There’s a lot to like about Dungeons & Dragons (D&D). You define your gaming group’s goals collaboratively, the rules can be modified to fit the way you all like to play (and you can discard the ones you don’t like entirely if you want), and as someone whose interests include both language and psychology, I think it’s an incredibly useful metaphor for the way people’s various identities intersect and the way they communicate with other people, both people who share some part of their identity and people who are mostly or entirely unlike them.
I’m most familiar with old-school 2nd and 3rd Edition Advanced D&D. There have been a whole bunch of updates to that system since I used to play with Joe, and later, with other friends, but a review of the literature shows that the principles haven’t changed too much.
A brief summary for the benefit of the tiny minority of Americans who have no idea what D&D is or how it works:
Like most RPGs, D&D is played with a group of your nearest and dearest friends. Between two and five people is best (more than that and it gets unwieldy). One person acts as the Dungeon Master, or DM, whose job it is to prepare a storyline, either from scratch or out of premade modules, and to referee the action. The DM rolls various specialized dice to determine the outcome of combat and other interactions between players and non-player characters, or NPCs, some of whom are recognizably human.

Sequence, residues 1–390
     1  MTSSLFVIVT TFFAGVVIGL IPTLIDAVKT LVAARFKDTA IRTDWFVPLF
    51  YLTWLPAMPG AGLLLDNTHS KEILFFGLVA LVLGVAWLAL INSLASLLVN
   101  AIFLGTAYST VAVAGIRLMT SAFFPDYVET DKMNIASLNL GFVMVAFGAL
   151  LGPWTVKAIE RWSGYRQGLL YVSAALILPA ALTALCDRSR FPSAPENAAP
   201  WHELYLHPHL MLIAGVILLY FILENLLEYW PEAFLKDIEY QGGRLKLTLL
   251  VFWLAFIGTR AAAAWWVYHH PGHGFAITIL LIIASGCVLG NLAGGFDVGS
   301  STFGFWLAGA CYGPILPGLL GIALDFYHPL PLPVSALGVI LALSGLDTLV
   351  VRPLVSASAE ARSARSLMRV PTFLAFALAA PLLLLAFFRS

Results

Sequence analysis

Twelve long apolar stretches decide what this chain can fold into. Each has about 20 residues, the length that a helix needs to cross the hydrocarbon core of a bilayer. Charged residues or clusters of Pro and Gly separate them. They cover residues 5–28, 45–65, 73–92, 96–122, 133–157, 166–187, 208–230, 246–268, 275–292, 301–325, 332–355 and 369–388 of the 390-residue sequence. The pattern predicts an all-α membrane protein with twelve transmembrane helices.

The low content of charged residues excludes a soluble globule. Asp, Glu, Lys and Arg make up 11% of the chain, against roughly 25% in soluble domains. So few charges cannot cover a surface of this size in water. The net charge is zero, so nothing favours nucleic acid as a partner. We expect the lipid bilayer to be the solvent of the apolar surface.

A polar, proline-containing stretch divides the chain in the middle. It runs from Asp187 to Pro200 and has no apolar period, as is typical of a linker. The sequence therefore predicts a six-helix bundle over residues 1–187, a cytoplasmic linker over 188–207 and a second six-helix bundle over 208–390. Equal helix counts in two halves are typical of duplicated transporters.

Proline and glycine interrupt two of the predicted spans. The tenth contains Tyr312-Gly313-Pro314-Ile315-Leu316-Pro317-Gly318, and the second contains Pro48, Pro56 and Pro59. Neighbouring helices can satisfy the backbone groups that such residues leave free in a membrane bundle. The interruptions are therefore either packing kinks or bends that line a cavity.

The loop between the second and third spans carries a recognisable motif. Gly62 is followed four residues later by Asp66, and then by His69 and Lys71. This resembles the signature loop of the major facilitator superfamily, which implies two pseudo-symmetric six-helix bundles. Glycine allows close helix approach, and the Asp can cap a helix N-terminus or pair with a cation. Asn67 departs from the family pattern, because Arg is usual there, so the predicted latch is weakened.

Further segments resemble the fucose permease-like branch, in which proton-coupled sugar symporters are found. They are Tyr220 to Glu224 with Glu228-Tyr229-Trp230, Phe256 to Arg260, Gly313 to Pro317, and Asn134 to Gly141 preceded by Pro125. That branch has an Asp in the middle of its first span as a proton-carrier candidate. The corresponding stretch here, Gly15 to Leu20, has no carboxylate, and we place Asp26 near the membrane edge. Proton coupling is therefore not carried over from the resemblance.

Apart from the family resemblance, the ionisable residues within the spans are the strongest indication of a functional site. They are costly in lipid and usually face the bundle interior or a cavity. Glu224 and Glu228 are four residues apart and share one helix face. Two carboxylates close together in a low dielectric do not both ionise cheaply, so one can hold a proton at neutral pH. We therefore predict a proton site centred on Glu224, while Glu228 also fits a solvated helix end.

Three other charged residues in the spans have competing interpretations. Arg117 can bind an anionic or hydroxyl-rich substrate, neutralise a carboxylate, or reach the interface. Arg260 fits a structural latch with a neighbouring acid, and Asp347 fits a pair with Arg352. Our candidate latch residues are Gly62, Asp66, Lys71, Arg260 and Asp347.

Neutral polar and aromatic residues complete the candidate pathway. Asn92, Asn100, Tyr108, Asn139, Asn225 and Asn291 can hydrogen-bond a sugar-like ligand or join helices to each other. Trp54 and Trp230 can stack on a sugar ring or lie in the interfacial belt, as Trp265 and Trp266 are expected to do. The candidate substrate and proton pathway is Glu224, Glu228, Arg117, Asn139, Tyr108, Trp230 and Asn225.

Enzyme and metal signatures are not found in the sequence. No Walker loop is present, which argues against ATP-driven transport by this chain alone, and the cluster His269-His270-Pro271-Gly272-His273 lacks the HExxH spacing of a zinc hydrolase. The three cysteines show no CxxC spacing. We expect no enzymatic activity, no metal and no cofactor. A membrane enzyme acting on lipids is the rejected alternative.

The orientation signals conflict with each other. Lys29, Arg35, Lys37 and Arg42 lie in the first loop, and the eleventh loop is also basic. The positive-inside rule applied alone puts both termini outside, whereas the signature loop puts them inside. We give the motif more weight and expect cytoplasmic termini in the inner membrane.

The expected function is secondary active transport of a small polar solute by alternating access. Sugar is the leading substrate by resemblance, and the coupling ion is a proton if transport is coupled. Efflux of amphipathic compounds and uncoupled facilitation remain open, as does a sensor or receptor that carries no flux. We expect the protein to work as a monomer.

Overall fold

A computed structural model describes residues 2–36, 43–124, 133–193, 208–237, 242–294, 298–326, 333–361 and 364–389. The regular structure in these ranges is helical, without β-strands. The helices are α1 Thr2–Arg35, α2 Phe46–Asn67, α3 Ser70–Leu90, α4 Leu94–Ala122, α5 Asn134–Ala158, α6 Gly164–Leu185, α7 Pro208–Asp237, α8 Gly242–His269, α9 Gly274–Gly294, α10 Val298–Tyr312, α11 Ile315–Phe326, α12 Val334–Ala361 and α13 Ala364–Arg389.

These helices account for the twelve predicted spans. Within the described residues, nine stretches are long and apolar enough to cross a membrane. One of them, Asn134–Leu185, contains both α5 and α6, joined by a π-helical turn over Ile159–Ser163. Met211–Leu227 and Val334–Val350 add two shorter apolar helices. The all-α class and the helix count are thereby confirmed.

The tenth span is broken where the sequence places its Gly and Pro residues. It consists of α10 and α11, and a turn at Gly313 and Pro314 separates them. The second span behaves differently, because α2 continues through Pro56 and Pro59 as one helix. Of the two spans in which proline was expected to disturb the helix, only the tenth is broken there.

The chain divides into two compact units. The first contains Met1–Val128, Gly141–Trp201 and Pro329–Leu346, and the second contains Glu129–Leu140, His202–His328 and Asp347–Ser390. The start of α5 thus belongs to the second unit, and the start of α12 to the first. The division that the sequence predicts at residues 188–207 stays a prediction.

Players can pick between a number of what D&D refers to as “races” as the basis for their character. When I played, the racial choices the official Player’s Handbook gave you were humans, elves, half-elves, dwarves, gnomes, and half-orcs, but I played a Minotaur once, and you can work out the mechanics (a practice called “statting up” among enthusiasts) for playing a character of almost any race in the D&D bestiary, the Monstrous Manual. (I understand it’s gotten a bit more complicated in recent years.)